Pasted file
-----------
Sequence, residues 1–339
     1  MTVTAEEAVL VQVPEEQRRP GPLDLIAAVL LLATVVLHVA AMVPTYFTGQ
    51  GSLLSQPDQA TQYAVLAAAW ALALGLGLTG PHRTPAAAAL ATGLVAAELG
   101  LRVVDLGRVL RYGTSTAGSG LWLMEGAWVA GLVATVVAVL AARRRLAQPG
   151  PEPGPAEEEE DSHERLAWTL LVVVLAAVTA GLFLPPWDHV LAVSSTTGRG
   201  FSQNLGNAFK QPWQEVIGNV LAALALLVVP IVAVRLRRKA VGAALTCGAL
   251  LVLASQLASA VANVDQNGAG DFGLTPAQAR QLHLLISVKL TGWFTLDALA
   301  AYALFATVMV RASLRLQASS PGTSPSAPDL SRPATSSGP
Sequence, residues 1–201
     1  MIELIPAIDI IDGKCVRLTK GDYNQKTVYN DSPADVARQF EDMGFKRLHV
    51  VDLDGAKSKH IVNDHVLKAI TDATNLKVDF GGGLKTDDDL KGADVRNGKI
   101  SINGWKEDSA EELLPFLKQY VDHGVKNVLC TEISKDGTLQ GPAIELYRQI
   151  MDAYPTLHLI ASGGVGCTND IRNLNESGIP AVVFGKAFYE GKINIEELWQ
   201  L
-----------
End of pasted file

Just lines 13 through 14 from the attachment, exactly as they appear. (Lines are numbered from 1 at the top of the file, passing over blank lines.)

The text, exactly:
   151  MDAYPTLHLI ASGGVGCTND IRNLNESGIP AVVFGKAFYE GKINIEELWQ
   201  L